National Novel READING Month

Up until last night, a feeling of dread had been growing within me, a darkness gathering in my mind as the end of October approached. I was not fearing the ghouls and monsters of Halloween, but of the imminent arrival of National Novel Writing Month.

 

Last year, I successfully completed the challenge, writing my first completed novel “Daytripper” in those 30 days, based on a shred of an idea and going in a completely different direction than the original concept. It was a good experience, forcing myself to write like that, but the fact is, “Daytripper” still sits in a drawer, unrevised save for a single run through. At 50K words, it is too short for a novel and too long for a novella. There are things in it — plot elements, characters, scenes and ideas — that I love, but it is mostly terrible. I don’t know what to do with it, so I had decided that I would use NaNoWriMo this year to create a fresh draft of “Daytripper” and maybe, just maybe, between the two I could create a novel I felt good about publishing.

 

The thing about NaNoWriMo is that it is (intentionally) intense and consuming. It eats the month of November. Last year, my wife was wonderfully accommodating as I sequestered myself night after night in my basement office (if one could call a room filled with comics, RPG manuals and video games an “office”). This year, my Novemeber is already half consumed by other activities, from a game convention to a scouting overnight to a wedding anniversary retreat. ¬†As November approached, I tried to calculate how many words I would have to write a day to accommodate all the days I could not be writing, and I despaired.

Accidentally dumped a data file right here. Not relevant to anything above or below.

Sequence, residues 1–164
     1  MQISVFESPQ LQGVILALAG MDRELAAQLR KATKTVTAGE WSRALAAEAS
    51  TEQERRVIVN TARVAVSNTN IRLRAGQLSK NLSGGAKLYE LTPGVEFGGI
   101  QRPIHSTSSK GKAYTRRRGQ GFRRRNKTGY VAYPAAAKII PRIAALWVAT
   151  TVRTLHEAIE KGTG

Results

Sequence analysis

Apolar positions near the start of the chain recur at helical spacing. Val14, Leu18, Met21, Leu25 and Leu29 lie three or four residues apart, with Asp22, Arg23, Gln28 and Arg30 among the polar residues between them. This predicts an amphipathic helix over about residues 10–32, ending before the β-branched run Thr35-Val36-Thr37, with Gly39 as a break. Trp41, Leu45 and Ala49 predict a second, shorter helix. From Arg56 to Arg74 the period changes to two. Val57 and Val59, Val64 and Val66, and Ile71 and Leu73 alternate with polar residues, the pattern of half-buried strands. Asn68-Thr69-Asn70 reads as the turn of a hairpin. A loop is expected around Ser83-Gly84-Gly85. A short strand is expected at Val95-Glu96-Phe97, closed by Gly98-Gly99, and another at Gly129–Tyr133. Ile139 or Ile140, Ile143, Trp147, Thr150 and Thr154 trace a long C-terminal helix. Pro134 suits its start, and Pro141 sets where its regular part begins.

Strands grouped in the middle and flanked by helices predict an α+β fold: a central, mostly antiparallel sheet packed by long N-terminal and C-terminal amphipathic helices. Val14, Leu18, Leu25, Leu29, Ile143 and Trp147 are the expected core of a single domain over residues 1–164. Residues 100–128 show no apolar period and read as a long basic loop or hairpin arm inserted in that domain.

But the real reason I dreaded the arrival of NaNoWriMo is that I do not know if I want to revise “Daytripper.” I do not know if there is a good enough story in there to make a novel worth my time to write it and your time to read it. That kind of uncertainty is telling, I think. there are other novels I want to write (eventually) that I am certain are worth the time, but I am less certain about my ability to write those novels just yet. Part of the reason for that is I read far fewer novels than I should, and I need to remedy that before I can successfully write one.

 

So, for me, NaNoWriMo will become NaNoReMo — National Novel READING Month. There are a number of novels, from light YA fare to classics of English Literature, I have always meant to read. So instead of burning all that time writing a terrible novel, I choose to read a few good ones.

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Bloctober

For the past few weeks, a combination of day-job stress and personal blahs has given me quite the case of writer’s block. I could go into a long screed on writer’s block — why’s, wherefore’s, theories, strategies — but not only has that stuff been tackled before by far greater writers than I, it’s boring. Suffice it to say that I hereby declare the month of October to be “Bloctober!”

What is “Bloctober?” I don’t know for sure what form it will take, but in the lead up to National Novel Writing Month (that’s November for the uninitiated) the goal is to work out the writer’s block and get in good mental and creative shape to be able to power through a novel come next month. The crux of that simply writing, every day, even when I don’t feel like it or aren’t creatively “there.” It’s like “100 Days, 100K” but without the overinflated sense of self worth.

Here’s to Bloctober! Hope to see you there.

30 Days, 10K

As you can probably guess by the title, things are progressing far more slowly than I expected. There are some real life logistical issues, but the real problem is that I have not been able to find a strong rhythm for daily writing. I generally do write every day, but sometimes it is only a hundred words or two.

Part of the problem may be that I am not working on a specific project like I did during NaNoWriMo. Because that exercise was built specifically around trying to finish a novel of a minimum length, it was easier to set daily goals. Writing short stories and flash fiction, it is harder to make myself try and achieve a set goal. It may be necessary to restructure my approach in order to have clearer writing milestones in place. I don’t know exactly what that will look like but I will see what I can do.

As always, thanks for sticking with me an if you have suggestions, I am all ears.